1 The ongoing opioid crisis has led to renewed concerns about the clinical prescription of addictive opioid 2 analgesics. However, there currently are no suitable alternatives for treating severe or malignant pain. Studies 3 of opioid signaling mechanisms in mice lacking the ?-arrestin 2 gene indicate that the acute analgesic effects 4 of morphine were enhanced in these mice, and subsequent studies reported that undesirable effects of 5 morphine including respiratory depression, constipation, and analgesic tolerance were all diminished in the 6 absence of ?-arrestin signaling. These findings have led to increased efforts in developing novel opioid drugs 7 that, based on their preferential activation of G-protein signaling over ?-arrestin signaling in vitro, can be 8 characterized as `biased' agonists. However, although clear distinctions in receptor-activated signaling of 9 opioid ligands are found in vitro, the extent to which these cellular differences predict differing profiles of opioid 10 activity in vivo remains uncertain. Currently, there is not sufficient information to conclude whether biased 11 signaling can indeed be associated with reduced opioid side effects and, consequently, an improved safety 12 profile of `biased' agonists compared to conventional prescription opioids. The present application intends to 13 address the need for preclinical data to rigorous evaluate this possibility with a program of in vivo studies of the 14 effects of novel opioid biased agonists in nonhuman primates. In these studies, we will employ well-established 15 and highly translational pharmacological methods to compare prescription opioids that are `balanced' agonists, 16 i.e., signal through both G-protein and ?-arrestin paths (morphine, oxycodone, and fentanyl) with the `biased' 17 agonist PZM21 and two novel ligands that are provided by colleagues at the NIDA IRP and that, based on in 18 vitro data, also can be characterized as opioid `biased' agonists. First, the acute effects of different opioids will 19 be studied using well-validated assays of antinociception and operant performance, respiratory function, and 20 abuse potential. Data from these studies will enable us to rigorously characterize and compare both the 21 beneficial and unwanted effects of the `balanced' and `biased' agonists. Next, the same drugs will be compared 22 during regimens of chronic treatment. In these studies, assays of antinociception and operant performance will 23 be used to evaluate tolerance, defined by rightward or downward movement of the opioid dose-effect function, 24 and assays of respiratory function and observable behavior to evaluate the presence of opioid dependence, 25 evident as increases in ventilation or characteristic behavioral signs following antagonist administration. The 26 results of the latter studies will provide critical information regarding the dependence liability of `biased' 27 agonists that, in clinical practice, might be given on a repeated, or chronic, basis. Finally, cognizant of sex- 28 related differences in the effects of prescription opioids that are `balanced' agonists, we will conduct our studies 29 in both male and female subjects to determine whether similar sex-related differences are produced by novel 30 opioid `biased' agonists.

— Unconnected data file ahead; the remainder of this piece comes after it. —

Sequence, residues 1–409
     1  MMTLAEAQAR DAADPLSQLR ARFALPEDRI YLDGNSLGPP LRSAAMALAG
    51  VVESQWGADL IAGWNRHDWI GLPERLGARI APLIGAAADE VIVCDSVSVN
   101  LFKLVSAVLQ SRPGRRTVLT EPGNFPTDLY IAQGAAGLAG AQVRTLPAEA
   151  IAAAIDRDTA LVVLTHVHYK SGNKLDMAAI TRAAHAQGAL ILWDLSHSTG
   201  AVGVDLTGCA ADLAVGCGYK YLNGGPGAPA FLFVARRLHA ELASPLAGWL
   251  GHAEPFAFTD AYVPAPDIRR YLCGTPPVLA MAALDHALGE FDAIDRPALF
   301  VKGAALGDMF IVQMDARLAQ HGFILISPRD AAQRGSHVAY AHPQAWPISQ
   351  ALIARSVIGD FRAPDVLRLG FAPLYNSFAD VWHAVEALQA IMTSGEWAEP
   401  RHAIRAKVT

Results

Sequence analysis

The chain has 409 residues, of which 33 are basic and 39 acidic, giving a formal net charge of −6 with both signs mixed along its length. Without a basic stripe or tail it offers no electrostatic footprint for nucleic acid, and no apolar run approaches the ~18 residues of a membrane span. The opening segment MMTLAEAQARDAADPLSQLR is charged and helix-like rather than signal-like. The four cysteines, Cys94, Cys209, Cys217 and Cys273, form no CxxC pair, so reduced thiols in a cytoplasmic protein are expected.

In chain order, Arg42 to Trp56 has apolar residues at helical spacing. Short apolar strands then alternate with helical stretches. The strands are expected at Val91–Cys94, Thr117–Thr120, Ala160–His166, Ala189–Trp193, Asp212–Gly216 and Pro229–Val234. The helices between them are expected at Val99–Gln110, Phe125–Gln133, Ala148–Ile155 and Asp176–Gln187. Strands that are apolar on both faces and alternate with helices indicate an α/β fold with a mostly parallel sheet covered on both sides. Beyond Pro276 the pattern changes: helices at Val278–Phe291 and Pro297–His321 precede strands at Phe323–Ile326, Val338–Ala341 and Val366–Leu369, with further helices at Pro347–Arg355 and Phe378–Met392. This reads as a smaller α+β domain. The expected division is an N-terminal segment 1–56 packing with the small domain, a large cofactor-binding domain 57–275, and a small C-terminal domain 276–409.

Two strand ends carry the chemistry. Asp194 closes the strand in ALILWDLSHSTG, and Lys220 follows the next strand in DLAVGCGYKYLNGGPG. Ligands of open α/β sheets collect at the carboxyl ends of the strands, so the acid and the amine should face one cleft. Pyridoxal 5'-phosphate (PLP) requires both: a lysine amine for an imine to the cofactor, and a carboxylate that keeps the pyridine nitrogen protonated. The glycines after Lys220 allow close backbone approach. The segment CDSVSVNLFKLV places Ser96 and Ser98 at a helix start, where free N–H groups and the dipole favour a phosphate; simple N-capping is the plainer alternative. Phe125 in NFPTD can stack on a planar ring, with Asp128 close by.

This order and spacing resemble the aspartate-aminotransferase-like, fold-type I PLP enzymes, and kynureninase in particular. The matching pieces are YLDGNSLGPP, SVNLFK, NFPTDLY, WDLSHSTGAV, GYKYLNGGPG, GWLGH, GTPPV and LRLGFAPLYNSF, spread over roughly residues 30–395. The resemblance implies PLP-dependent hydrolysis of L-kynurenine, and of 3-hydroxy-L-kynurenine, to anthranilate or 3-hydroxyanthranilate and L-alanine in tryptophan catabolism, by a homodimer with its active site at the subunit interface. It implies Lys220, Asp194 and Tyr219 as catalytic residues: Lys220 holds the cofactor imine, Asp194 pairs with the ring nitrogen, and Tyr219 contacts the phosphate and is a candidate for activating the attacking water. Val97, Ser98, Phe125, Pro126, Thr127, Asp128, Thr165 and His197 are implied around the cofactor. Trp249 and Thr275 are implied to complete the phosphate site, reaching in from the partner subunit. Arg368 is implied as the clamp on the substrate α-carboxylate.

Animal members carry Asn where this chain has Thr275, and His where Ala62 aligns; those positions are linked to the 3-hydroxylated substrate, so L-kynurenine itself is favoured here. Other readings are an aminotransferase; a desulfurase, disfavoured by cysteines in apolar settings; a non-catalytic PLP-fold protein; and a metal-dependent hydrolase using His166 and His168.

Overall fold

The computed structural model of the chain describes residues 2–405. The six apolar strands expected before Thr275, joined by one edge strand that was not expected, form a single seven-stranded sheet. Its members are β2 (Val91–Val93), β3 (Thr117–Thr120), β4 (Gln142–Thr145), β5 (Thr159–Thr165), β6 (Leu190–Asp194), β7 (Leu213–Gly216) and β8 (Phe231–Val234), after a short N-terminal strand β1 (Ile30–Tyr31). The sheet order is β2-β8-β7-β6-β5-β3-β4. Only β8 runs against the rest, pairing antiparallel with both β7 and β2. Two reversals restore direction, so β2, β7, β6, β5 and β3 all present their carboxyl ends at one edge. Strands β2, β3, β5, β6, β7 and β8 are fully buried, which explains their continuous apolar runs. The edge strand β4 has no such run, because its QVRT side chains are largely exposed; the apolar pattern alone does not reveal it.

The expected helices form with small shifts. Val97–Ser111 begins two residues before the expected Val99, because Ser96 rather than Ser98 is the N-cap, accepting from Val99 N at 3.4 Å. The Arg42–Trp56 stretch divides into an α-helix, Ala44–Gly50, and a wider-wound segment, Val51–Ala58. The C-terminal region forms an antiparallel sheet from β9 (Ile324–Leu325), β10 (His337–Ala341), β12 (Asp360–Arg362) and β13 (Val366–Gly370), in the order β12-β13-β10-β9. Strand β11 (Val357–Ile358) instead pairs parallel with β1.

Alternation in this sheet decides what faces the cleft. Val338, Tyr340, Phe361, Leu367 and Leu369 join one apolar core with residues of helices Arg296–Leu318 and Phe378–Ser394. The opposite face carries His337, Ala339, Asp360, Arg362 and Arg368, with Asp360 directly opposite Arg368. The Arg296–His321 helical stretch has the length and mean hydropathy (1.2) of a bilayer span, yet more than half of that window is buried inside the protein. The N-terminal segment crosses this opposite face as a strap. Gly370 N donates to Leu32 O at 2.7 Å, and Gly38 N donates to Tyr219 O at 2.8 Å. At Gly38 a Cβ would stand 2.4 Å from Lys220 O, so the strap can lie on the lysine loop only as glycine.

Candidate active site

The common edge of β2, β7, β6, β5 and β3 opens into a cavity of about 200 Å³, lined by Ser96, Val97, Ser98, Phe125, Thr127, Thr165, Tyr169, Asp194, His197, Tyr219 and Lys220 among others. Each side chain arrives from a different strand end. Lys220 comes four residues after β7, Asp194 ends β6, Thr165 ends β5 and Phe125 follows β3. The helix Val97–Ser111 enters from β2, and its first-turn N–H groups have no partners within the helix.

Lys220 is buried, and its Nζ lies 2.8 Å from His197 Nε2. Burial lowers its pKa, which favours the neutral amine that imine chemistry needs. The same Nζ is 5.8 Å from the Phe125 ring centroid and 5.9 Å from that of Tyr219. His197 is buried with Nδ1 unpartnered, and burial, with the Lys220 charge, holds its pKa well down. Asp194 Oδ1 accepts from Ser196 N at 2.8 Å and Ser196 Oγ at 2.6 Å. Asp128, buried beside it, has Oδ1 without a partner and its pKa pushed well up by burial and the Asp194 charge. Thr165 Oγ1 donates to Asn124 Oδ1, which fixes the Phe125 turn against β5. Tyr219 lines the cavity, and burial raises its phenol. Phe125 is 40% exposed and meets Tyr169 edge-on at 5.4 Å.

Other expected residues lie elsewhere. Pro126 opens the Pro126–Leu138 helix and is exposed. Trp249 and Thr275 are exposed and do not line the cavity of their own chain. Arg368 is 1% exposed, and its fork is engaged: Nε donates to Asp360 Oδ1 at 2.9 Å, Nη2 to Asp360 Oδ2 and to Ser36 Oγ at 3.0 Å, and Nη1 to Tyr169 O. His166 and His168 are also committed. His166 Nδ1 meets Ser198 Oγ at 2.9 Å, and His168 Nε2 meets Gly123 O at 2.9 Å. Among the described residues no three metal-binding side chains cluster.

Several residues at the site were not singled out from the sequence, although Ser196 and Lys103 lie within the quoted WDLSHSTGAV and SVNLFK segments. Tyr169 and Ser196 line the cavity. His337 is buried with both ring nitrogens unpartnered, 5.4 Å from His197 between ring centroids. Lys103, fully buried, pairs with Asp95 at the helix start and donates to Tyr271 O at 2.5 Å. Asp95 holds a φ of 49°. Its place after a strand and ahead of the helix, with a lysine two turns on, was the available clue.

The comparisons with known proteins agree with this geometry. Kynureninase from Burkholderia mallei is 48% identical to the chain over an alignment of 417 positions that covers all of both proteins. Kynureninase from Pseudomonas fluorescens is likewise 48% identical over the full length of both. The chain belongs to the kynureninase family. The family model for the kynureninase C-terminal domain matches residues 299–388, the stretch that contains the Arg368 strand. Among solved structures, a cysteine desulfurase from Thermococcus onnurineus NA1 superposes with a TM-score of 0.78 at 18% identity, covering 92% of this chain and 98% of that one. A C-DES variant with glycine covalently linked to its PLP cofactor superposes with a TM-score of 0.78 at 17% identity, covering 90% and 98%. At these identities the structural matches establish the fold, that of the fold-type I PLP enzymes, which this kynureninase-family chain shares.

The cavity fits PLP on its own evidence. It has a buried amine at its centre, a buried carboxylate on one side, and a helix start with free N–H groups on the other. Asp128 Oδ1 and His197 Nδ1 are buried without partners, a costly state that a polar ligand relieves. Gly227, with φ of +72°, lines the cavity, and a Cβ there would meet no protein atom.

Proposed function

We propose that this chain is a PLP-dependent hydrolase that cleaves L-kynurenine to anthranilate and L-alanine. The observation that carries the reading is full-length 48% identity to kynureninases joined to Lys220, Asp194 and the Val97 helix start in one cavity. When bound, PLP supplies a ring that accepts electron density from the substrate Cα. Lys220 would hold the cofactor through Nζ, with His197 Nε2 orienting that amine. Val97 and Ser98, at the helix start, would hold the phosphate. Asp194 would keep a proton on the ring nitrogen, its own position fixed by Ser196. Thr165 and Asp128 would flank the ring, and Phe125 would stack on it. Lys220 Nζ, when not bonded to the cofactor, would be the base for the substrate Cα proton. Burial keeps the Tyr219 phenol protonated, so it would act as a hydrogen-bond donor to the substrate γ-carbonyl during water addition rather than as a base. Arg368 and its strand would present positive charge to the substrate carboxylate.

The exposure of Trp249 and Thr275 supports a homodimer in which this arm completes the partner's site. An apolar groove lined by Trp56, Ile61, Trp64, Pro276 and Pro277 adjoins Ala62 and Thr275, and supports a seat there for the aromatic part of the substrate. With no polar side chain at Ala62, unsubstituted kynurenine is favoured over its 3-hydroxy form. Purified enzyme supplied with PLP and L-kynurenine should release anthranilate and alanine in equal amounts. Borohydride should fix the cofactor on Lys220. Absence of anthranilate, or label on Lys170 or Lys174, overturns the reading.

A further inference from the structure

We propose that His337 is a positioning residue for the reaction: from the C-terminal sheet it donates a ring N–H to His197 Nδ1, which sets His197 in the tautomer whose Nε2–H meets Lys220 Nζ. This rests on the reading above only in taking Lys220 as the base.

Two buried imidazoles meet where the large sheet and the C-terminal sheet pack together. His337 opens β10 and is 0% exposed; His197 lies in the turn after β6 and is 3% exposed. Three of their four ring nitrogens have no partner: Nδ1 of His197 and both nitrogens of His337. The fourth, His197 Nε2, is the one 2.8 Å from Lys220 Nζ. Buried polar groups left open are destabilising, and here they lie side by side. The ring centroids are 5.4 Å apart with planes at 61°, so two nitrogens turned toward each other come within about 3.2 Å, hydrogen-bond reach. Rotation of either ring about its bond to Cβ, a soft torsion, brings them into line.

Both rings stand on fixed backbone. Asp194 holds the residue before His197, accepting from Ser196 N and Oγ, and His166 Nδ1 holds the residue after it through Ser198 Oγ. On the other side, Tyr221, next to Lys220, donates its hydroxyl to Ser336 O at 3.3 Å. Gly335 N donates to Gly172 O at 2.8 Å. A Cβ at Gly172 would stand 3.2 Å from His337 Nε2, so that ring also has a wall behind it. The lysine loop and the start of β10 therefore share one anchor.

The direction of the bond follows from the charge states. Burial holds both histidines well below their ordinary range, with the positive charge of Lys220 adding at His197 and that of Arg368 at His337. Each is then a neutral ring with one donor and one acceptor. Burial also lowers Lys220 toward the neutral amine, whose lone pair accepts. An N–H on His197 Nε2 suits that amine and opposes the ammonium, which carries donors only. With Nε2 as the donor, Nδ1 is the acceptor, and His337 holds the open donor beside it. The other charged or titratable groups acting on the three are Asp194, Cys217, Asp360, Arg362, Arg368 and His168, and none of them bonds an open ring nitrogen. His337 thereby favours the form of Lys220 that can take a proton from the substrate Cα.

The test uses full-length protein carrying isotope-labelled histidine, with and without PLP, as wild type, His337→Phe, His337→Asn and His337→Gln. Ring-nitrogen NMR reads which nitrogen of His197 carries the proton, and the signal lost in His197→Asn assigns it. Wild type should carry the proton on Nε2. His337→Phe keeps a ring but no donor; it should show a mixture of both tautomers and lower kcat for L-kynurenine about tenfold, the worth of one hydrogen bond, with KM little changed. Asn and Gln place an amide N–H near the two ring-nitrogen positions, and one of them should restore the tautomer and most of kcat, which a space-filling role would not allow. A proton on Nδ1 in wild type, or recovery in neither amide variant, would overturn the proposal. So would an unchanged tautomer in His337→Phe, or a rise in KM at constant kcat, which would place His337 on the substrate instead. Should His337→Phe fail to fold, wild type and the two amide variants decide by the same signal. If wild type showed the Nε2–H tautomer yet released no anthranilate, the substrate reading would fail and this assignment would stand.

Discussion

Public Health Relevance

The ongoing opioid crisis has led to renewed concerns about clinical practice in prescribing opioids, however there are no suitable alternatives for treating severe or malignant pain. In efforts to reduce the side effect and abuse liability profiles of opioid drugs, several laboratories and pharmaceutical companies have programs devoted to the development of new drugs that are functionally selective, i.e., result in the preferentially coupling of ?-opioid receptors to particular intracellular signaling paths. Although differences between ligands are found in vitro, the extent to which these differences result in different actions on whole animals is not known; thus, the goals of this program are to evaluate whether opioid agonists that preferentially activate G- protein signaling over ?-arrestin signaling produce different acute or chronic effects in whole animals.

National Institute of Health (NIH)
National Institute on Drug Abuse (NIDA)
Research Project (R01)
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Biobehavioral Regulation, Learning and Ethology Study Section (BRLE)
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Acri, Jane
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Mclean Hospital
United States
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